Faith in the fast lane…

We are all so busy these days. Whether it’s career, family, or just life in general it seems we are going 100mph in 3 directions all at once.  If you are anything like me finding time for yourself can be challenging. As a mother of 5 between family, work, and volunteering it can be very difficult to squeeze in time to nurture my faith. No matter how fast are lives go I feel it is still very important to find time for faith. If you can’t find time, then you’ll just have to make time.

So how do we find or make time for faith in a fast-paced life? I don’t claim to have the perfect solution but this is what has been working well for me.

  1. A devotional. I have seen devotionals in bookstores and have even received one as a gift but didn’t pick them up right away. After cracking one open I soon learned it was a great way for me to get my daily dose of the bible as well as a practical example or message for me to think about throughout my day. I’ve tried reading right before bed, or first thing in the morning.  I gave up trying to have a routine and have since gone with whenever I have time in the day. My devotional has put on many miles being tossed into my purse or briefcase so I am ready whenever I have a few minutes to read. Rather than check my facebook or twitter I simply read the scripture on my smartphone and 1-page devotional message for that day. There are many different devotionals out there. I am recently finished one for women by Jill Briscoe and love it. Now my husband and I are reading a couples devotional book together each evening. I am confident you can find a devotional that works for you.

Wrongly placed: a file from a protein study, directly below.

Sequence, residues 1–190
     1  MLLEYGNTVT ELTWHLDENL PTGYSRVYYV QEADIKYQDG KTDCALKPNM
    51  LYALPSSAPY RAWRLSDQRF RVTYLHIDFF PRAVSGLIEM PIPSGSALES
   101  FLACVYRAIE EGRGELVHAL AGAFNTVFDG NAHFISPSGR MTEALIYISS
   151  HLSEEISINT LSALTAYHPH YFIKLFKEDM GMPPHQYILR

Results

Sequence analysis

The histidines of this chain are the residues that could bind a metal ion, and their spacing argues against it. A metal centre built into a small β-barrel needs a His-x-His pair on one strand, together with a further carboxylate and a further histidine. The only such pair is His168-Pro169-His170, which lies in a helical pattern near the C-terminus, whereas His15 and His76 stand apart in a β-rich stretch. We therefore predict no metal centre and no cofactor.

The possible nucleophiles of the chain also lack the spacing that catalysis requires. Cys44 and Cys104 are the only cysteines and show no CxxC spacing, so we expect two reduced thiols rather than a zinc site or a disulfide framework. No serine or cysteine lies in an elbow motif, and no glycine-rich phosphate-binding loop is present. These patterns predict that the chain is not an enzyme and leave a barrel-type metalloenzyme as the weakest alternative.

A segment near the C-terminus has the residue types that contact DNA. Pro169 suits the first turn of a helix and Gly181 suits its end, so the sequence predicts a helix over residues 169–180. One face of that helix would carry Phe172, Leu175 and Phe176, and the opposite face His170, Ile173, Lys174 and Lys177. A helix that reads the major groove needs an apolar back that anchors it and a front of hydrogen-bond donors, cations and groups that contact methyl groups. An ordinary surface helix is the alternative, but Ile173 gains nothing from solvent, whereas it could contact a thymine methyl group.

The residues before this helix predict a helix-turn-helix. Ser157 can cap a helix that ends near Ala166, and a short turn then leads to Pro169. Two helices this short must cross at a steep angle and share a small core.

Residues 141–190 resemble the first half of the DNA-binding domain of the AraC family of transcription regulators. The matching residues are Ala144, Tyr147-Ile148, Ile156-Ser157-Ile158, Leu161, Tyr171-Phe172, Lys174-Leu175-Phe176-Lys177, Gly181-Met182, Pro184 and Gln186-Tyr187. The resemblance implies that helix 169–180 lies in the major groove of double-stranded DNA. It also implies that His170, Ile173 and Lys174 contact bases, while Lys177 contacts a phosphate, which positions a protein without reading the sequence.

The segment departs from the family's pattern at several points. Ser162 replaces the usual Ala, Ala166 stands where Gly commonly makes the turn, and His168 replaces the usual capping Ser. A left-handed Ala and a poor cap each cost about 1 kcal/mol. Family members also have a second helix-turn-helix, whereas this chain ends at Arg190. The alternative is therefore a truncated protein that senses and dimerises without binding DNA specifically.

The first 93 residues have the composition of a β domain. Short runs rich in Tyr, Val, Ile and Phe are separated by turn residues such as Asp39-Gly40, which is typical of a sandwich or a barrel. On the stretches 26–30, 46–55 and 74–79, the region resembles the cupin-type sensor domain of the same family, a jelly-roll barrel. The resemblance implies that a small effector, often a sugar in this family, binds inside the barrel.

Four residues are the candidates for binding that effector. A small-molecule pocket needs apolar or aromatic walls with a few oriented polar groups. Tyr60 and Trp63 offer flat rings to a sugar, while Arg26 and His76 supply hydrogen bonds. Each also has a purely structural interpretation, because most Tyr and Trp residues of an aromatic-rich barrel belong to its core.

1. Prayer beads*. I was raised Catholic but never learned how to use a rosary so when this concept of prayer beads was first presented to me I was skeptical. After trying it out I discovered how easy it was and how helpful it was for me to structure my prayer. I have 2 of these; 1 is meant for adults and 1 for children. I tend to use the children’s version. I have them on a key-chain ring and they hang in my car. Rather than listening to the radio or talking on the phone I hold my prayer beads and pray on my way to work each morning.
  1. Schedule Bible Time. It doesn’t always work well with our schedule but I try very hard to fit in bible time in the evenings with the kids. We usually do a “bath, book, bedtime” type of routine so one evening a week I replace book with bible. This has worked very well with the kids especially after they each got their own bible and bible case to carry it in. They love gathering on the floor with me to read together. Although they each have their own bible appropriate for their age we are still able to all read and discuss the same stories. It is so much fun to hear the kids explain to one another the various stories and talk about what they feel the bible is telling them.

*Prayer Beads: You can find beads to make this at your local craft store. I cannot take credit for this as I learned all about it from a pastor at a local church.